But "God sent His Son in the likeness of sinful flesh." Christ took on Himself human nature as God originally made it, without any sinful propensity. There was no "he hamartia, the sin principle" in it. Jesus came to do for us and in us what no written or unwritten law of God could accomplish.
Dear old Dr. Maclaren said: "That life of Jesus, lived in human nature (in a human body) gives a new hope of the possibilities of that nature lived in us. What the man Christ Jesus was He was that we may become. In the very flesh in which the tyrant (the sin principle) rules, Jesus shows the possibility and the loveliness of a holy life. He condemned to death the sin in the flesh as wholly unnecessary and no essential part of it."
Godet quotes Theophylact: "He sanctified the flesh and crowned it by condemning to death the sin (principle) and by showing that the flesh is not sinful in its (essential) nature."
"But," someone asks, "do not some teach that we must have sin in us"? and "No man can be free from sin while in the mortal body, which sin must indwell us to the last moment of our lives"? Let there be no mistake about that: "It is ever taught at Keswick, as in every part of God's Word, that there are to the very last hour of our life upon earth powers of corruption within every man which defile his very best deeds and give even to his holiest efforts the nature of sin." "We shall never be sinless in this world." "We do not at Keswick make light of those depths upon depths of mischief that lie hidden within us."
Yes, we are compelled to admit that this is the fundamental element, and warp and woof of most Keswick teaching. And the "higher life" conventions in the East repeat this same unscriptural nonsense. And so do the Moody and Torrey Bible schools. Torrey says in one of his books: "There is not a line of Scripture that warrants the idea that the baptism of the Spirit cleanses from inbred sin I" Poor Torrey!
What about these texts:
1. Acts 15:8, 9 (R. V.), "Giving them the Holy Spirit . . . cleansing their hearts by faith."
2. Rom. 6:18 (R. V.), "Being made free from the sin [principle] ye became servants of righteousness."
3. Rom. 6:27 (R. V.), "But now [not at death] being made free from the sin [principle] . . . ye have your fruit unto sanctification." That is exactly what sanctification is -- deliverance from the sin-principle.
4. Rom. 8:2 (R. V.), "Law of the Spirit . . . made me free from the law of the sin."
5. I John 1:7, "The blood of Jesus Christ His Son cleanseth us from all sin" v.9. "And to cleanse us from all unrighteousness."
What can possess educated men like Dr. Torrey to pervert and distort and deny the plain, unmistakable meaning of such texts? And yet they pretend all the time to be preaching holiness. But observe, it is a new brand of modern holiness -- "Corrupt" holiness! "Sinful" holiness! "Depths upon depths of mischief" holiness! -- a kind the writers of the Bible never heard of. Yet this moral rubbish is being peddled out all over the English-speaking world, in the interest of the father of lies, to side-track true holiness, that cleanses the heart. See I Thess. 5:23 and 2 Peter 1:4. "Exceeding great and precious promises: that by these ye might be partakers of the divine nature, having escaped the corruption that is in the world through lust."
IV. What man could not do and divine law could not do, Christ has done for us. Christ, by His incarnation, provided for the pardon of sins, and the expulsion of the sin principle. He baptizes with the Holy Spirit, and by the entrance of the Spirit of holiness into our nature, the great usurper -- the sin principle -- is driven out, executed.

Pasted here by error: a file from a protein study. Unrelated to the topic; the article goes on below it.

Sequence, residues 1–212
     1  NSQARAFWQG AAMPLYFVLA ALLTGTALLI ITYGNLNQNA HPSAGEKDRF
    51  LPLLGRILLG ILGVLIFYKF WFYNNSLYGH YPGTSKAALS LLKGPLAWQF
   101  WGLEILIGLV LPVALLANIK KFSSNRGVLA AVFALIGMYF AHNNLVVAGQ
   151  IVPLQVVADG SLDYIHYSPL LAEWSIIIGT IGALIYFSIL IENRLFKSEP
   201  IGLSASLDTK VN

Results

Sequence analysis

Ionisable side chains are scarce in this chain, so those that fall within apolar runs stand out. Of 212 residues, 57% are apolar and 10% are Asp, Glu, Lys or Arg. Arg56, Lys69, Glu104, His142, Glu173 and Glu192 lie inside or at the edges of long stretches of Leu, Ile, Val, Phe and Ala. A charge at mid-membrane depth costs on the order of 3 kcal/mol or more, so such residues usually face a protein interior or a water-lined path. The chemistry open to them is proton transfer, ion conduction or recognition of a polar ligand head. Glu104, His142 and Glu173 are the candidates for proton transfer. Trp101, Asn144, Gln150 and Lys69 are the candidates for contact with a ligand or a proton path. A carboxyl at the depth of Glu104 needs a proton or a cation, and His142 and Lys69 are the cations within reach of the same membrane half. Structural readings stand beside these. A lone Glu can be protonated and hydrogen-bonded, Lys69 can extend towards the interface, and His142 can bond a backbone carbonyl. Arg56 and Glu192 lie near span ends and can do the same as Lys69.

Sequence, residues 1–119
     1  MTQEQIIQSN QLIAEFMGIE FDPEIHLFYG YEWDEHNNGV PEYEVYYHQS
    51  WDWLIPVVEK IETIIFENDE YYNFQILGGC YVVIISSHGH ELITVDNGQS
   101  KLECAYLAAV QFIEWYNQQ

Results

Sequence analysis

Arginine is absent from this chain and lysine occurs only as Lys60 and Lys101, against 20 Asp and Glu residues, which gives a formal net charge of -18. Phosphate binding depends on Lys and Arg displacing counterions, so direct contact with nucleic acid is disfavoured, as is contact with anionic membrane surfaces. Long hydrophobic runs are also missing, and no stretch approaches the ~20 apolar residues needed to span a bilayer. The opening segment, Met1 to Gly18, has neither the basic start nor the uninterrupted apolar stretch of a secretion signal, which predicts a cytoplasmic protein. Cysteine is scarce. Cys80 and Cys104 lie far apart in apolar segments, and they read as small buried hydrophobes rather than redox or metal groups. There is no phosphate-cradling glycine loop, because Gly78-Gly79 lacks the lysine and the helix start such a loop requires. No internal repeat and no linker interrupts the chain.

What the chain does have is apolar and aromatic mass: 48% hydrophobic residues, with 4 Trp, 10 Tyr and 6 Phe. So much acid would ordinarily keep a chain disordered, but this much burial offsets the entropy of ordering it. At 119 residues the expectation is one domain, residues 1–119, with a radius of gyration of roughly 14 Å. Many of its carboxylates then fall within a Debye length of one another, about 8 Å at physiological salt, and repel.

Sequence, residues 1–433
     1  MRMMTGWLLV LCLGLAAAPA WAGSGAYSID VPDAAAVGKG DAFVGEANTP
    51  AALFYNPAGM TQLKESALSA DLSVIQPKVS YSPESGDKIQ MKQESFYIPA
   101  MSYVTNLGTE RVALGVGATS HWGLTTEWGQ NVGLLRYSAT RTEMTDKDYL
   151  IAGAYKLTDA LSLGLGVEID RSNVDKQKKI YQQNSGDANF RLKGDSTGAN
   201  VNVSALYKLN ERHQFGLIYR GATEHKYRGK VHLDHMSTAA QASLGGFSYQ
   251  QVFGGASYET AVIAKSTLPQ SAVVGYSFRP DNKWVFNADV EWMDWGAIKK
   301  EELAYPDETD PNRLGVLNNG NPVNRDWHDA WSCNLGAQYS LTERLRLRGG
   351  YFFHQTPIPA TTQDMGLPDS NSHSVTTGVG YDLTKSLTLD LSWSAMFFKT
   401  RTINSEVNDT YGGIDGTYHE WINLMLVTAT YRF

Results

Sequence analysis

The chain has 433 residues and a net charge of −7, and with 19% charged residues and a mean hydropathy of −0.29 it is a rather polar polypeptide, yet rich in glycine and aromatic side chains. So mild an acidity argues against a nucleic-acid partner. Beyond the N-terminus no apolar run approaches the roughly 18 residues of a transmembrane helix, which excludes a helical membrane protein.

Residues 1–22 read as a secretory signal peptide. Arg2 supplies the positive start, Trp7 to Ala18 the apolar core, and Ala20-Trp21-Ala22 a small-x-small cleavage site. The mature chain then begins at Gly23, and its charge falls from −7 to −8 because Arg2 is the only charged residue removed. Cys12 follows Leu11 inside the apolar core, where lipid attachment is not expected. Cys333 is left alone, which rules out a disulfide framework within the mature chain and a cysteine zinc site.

Clarke says: "The design and object of the incarnation and sacrifice of Christ was to condemn sin: to have it executed and destroyed -- to annihilate its guilt, power and being in the soul of a believer."
Godet says: "The condemnation of the sin by Christ's life is the means appointed by God for its destruction in ours."
Alford: "Sin is throughout the passage an absolute principle. The Apostle is not speaking of the removal of guilt, but of the practice of sin . . . by the new and sanctifying power of the Spirit by Christ. The context shows that the weakness of the law was its having no sanctifying power. It could arouse sin but could not cast it out." This noble quotation endorses my whole argument, and my translation, "the sin-principle" of the Greek noun for sin in the singular number with the article "the" before it. "The sin" occurs twenty-nine times in three chapters, meaning always "the sin principle." Sixteen of the world's greatest commentators endorse our argument and translation and do not leave Torrey and his Keswick friends an inch of standing. Bless God! we have the truth, and "the mind of Christ," and of the Spirit.
V. Notice the results, v. 4. "That the ordinance of the law might be fulfilled in us who walk not after the flesh, but after the Spirit." Alford: "We must look for the meaning of the word 'condemned' in the effects -- victory over sin, and casting out of Sin" (the sin principle) . This is very important to the right apprehension of the whole chapter, in this part of which, not the justification but the sanctification of Christians is the leading subject. Christ's victory over the sin is mine, by my union with Him, and participation in His Spirit. Whedon: "The righteousness of the law does not mean imputed righteousness, nor simply innocence, but an actual and active personal righteousness, energized by the Spirit." This does not sound much like "Corruption holiness," does it?
Dear Dr. Maclaren wrote: "Remember the alternative. There must be condemnation for us, or for the sin that dwelleth in us. There is no condemnation for them who are in Christ Jesus, because there is condemnation for the sin that dwells in them. It must be slain or it will slay us. It must be cast out, or it will cast us out from God. It must be separated from us, or it will separate us from Him. We need not be condemned: but if it be not condemned, then we shall be." In your case, dear reader, which shall it be?
Oh, struggling hearts, mourning over spiritual failures and defeats; falling below your ideals, watching and weeping and striving in vain, do you want to keep God's law, and live a victorious life pleasing to Him? Then come in faith to Him who opened the fountain for sin and uncleanness. Come to Him who prayed that you might be sanctified, and shed the blood that cleanses from all sin. Come in faith, and you will not be disappointed.